post #181 of 213
Quote:
Originally Posted by Carniphage View Post

I think this is SarbanesOxley at work.

Apple recognizes the sales revenue from iPhone sales as a series of payments over 24 months. In that period it can legitimately deliver new features to iPhone users free of charge.

The iPod touch does not share this revenue model. So all new features have to be paid for with an upgrade fee.

We are getting close to the point where some first-gen iPhones are now out of the subscription window - And Apple may not be able to add features for free.

This is just a guess - and it could be argued that cut-and-paste is just as much a new feature as MMS.

So we will see when 3.0 is shipped.

C.

My first thoughts are,

• "Then wouldn't the original iPhones be unable to get the v3.0 software altogether?"
• "If it's under 24 months from the first launch of the iPhone or under 24 months from the time you bought your original iPhone wouldn't you be eligible?"
• "If the iPod Touch gets v3.0 for pay because of SOx, and if this was the case for the original iPhone, why not just charge them a fee for the MMS upgrade?"

There is something deeper here. I doubt it is actually sinister as many are claiming, but we are certainly not seeing a full picture.
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post #182 of 213
Quote:
Originally Posted by trumptman View Post

This is dust as well. No one is claiming that there would be trade-offs that would make the experience "un-Apple-like" and thus Apple simply choose to do what they wanted to do with regard to this. People put this argument forward with regard to multitasking and it is plausible given the state of technology and the memory of the phone.

However much less capable and much older phones than this do MMS and Apple didn't say experience or too bad, they claimed the radio couldn't transmit the data.

I don't remember exactly what Apple said. But it's possible that for what they were thinking of doing with it, they were right, whatever they said.

My feeling though, is not that they held MMS back as a sales ploy as is being stated here, but that they didn't WANT to offer it at all.

We've had discussons about this for two years now.

So, one, the radio may not have been capable of doing what Apple WANTED it to do. Not that it couldn't do it at all.

So, two, maybe because of that, partly, at least, they concentrated on doing it with e-mail instead, coming up with a far better e-mail experience than anyone else had, and had no intention of offering it. E-mail would do it for free here in the US as part of the data package, which could also have figured into that decision.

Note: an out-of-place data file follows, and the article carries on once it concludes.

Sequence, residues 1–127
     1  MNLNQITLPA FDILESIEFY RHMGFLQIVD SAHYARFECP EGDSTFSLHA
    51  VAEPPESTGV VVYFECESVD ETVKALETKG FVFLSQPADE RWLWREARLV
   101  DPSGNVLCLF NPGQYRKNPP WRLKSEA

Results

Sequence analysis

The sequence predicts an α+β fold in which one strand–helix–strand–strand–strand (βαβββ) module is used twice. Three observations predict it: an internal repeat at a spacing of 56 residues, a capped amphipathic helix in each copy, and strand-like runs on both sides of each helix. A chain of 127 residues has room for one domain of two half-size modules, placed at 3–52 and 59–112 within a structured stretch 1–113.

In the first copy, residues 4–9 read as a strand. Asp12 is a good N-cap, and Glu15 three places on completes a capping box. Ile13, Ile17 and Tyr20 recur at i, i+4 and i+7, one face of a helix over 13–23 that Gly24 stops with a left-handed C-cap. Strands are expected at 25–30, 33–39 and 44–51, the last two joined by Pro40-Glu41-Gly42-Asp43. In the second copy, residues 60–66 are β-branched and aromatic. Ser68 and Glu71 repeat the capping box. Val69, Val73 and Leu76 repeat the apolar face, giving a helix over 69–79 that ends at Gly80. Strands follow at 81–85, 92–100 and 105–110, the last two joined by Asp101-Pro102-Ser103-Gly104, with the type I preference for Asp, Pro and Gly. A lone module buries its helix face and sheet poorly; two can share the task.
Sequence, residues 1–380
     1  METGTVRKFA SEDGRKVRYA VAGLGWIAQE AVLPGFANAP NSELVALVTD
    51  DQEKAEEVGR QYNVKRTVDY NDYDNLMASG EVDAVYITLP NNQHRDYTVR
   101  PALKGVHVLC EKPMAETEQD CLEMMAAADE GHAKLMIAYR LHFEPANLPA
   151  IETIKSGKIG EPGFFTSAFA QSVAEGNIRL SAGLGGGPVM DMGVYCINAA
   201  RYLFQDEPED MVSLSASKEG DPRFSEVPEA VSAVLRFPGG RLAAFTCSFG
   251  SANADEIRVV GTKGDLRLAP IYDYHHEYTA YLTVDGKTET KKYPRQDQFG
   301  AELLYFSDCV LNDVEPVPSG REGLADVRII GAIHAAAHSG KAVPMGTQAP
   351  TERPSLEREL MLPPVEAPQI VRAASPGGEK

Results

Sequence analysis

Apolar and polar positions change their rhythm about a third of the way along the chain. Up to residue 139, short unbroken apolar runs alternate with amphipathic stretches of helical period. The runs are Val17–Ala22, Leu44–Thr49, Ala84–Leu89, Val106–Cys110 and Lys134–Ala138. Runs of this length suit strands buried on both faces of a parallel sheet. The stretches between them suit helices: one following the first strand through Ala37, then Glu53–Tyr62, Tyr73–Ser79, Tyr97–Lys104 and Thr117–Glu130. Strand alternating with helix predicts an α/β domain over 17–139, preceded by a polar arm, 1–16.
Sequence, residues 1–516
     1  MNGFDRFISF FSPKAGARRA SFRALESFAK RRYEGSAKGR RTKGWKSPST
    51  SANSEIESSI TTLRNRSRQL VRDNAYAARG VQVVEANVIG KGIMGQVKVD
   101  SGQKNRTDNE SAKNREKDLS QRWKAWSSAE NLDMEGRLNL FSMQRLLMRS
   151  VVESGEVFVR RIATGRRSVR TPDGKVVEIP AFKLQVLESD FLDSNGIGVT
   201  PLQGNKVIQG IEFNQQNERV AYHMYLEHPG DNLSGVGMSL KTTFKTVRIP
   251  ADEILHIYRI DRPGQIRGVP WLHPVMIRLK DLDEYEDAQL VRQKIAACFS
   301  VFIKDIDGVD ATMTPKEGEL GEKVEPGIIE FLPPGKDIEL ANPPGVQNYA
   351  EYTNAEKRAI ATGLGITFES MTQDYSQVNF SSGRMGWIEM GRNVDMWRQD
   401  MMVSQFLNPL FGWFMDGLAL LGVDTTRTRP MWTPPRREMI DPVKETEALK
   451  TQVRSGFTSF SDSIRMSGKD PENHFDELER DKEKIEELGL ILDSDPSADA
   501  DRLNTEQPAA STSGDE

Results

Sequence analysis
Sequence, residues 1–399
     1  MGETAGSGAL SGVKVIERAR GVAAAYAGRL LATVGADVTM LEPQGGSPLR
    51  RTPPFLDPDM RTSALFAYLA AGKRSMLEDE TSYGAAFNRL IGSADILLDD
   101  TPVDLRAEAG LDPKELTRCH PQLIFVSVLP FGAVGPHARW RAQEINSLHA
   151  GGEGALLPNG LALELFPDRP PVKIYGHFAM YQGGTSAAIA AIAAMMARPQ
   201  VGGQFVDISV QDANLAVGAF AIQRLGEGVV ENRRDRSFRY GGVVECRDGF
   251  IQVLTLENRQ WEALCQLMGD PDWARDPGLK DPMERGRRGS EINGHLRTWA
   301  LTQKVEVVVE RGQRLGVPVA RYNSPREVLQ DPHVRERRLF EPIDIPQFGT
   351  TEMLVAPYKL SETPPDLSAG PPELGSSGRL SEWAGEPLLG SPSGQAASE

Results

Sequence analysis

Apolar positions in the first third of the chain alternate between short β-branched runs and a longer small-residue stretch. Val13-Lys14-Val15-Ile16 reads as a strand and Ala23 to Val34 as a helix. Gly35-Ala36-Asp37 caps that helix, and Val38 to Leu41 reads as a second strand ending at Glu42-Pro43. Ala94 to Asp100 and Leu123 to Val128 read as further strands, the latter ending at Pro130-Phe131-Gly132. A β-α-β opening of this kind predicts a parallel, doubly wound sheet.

Then, three, once they saw that SMS and MMS usage here in their home market was rising quickly, and they were going to radios that would handle what they wanted to do, they decided to offer it after all.

I strongly believe that that's the scenario.

Quote:
If it were a contract matter then Apple should explain it as such. People easily understand this is why the iPod Touch gets charged for updates while the iPhone does not.

One thing I have not liked about Apple is this insistence that they keep quiet about what, and why. There are some things that we can only speculate about because of that.

Actually, many people here still don't understand why the iPhone gets free updates, and the iTouch does not. Or, at least they don't accept it. We've had some pretty heated arguments about that!

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So you think there are legitimate technical reasons for claiming that a 2G iPhone cannot process MMS messages while claiming much older and less capable phones that all receive and send on the same frequences, etc. can do this?

You're not stating the argument I made.

I said, several times now, that Apple may have felt that the radio couldn't handle MMS the WAY the wanted it to be done.
post #183 of 213
Quote:
Originally Posted by melgross View Post

I don't remember exactly what Apple said. But it's possible that for what they were thinking of doing with it, they were right, whatever they said.